Attaining a professional, military-level of fitness is not only an essential goal for every member of the South Carolina Corps of Cadets, it is a requirement. Physical fitness is a fundamental part of the college’s military culture. It is the reason for the infamous 5:30 a.m. wakeups. And, fitness is one of the pillars underpinning the general success of each cadet.
“The Citadel’s Leadership Development Program is unique in its focus on the whole person. It rests upon four pillars – character, academics, military and fitness,” said The Citadel Commandant of Cadets Col. Thomas Gordon, USMC (Ret.), ’91. “Fitness here is not simply physical. We develop spiritual health and emotional strength. Conversely, the physical component contributes to character development by building resiliency. All you have to do is one more, one more time!”
The Citadel Physical Fitness Test (CPFT) is taken by every cadet, every semester.
“Each fall, all cadets complete a diagnostic CPFT within the first week of returning to campus to assess their baseline fitness levels,” said Kasee Haugen, the director of The Citadel Physical Readiness Program. “That helps them know their strengths and weaknesses as they prepare for the CPFT that will stand as their record each September.”
Every company within the Corps has an Athletic Officer who is crucial to the success of the program. They lead their company during morning physical training and help coach cadets toward their individualized goals.
“Each branch of the U.S. Armed Force has its own fitness test. Our CPFT takes something from three branches,” Haugen said. “This year the three-event test consists of the Army’s hand-release push up, a Marine Corps standard max hold plank and a 1.5 mile, Navy standard run.”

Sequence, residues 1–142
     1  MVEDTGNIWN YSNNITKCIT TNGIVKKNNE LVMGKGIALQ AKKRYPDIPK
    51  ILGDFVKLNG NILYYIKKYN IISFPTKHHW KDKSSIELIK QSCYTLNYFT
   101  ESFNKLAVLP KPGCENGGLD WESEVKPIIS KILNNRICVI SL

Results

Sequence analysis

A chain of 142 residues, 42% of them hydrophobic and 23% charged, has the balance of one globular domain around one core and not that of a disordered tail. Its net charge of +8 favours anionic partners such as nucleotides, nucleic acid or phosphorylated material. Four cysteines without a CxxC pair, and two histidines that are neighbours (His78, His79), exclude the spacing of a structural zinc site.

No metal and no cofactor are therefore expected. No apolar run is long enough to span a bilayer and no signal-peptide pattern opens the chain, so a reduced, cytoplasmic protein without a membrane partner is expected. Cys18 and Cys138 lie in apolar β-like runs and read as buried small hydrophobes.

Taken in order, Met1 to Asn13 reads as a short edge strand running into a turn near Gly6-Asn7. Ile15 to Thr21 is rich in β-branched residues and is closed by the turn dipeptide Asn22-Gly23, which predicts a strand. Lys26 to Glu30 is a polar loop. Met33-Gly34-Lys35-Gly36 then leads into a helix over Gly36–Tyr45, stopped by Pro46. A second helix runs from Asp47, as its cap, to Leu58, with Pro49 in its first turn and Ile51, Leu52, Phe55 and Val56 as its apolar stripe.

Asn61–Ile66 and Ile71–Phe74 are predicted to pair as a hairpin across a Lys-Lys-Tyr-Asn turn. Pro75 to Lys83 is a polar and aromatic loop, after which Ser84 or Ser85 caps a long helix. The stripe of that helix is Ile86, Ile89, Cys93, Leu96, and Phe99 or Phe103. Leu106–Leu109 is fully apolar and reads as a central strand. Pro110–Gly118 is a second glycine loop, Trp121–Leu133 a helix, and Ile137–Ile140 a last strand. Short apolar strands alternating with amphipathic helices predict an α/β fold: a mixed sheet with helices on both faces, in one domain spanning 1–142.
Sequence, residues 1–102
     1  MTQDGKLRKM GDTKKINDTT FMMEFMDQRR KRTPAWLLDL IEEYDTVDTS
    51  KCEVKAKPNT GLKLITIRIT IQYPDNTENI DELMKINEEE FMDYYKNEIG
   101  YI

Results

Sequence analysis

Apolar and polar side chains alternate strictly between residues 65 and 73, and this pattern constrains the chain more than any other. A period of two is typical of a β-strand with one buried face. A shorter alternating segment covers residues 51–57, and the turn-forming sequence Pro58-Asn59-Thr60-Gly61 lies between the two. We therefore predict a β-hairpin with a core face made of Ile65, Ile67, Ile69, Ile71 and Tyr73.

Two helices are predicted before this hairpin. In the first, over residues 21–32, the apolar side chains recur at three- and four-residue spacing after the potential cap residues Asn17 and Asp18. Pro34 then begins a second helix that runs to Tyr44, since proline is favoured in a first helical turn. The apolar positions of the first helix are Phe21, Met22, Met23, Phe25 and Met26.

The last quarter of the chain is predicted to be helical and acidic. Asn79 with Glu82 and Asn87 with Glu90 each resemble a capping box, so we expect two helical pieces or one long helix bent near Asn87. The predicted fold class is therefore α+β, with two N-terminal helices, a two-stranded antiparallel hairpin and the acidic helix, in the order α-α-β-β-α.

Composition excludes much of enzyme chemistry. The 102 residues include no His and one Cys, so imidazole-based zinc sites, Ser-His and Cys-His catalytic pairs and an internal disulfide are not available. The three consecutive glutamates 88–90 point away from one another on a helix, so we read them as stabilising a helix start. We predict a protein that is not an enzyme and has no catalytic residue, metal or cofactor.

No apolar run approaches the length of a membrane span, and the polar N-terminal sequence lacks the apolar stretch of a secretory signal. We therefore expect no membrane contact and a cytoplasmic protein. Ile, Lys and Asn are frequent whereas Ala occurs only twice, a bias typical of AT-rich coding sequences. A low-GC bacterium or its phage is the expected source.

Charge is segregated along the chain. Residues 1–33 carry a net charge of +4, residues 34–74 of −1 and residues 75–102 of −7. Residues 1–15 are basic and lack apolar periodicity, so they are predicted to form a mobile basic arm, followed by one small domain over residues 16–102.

Those who fail to attain the minimum score on their CPFT are enrolled in the college’s Remedial Physical Training Program, giving them two extra days of training weekly. They are then given a second opportunity to pass in November. If they do not pass, its back to the remedial program and more extra days of training, and the loss of campus leave overnights.
“For senior cadets, not passing the fall CPFT means losing the privilege of participating in the Ring Presentation Ceremony,” Haugen said. “And in the spring it means not participating in the Long Gray Line Parade and not participating in the graduation ceremony.”
For cadets on military scholarships, failing the CPFT can have even greater consequences, like being forced to forfeit their scholarships after repeated failures.
“Believe it or not, most cadets embrace the challenge and find it motivating,” Haugen added. “Our goal is for them to graduate with healthy fitness habits that will last a lifetime, benefitting them as they serve in the military or as they take on other career and life challenges.”
Marines.com: USMC Physical Requirements
AirforceMag.com: Choose your PT Test
MyNavyhr.navy.com: Navy Physical Readiness Program